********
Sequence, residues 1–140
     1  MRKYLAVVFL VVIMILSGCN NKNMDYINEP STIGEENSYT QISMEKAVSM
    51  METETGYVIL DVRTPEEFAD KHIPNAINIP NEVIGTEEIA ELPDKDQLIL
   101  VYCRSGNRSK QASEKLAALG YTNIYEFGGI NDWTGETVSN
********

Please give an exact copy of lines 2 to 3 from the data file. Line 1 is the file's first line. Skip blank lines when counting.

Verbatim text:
     1  MRKYLAVVFL VVIMILSGCN NKNMDYINEP STIGEENSYT QISMEKAVSM
    51  METETGYVIL DVRTPEEFAD KHIPNAINIP NEVIGTEEIA ELPDKDQLIL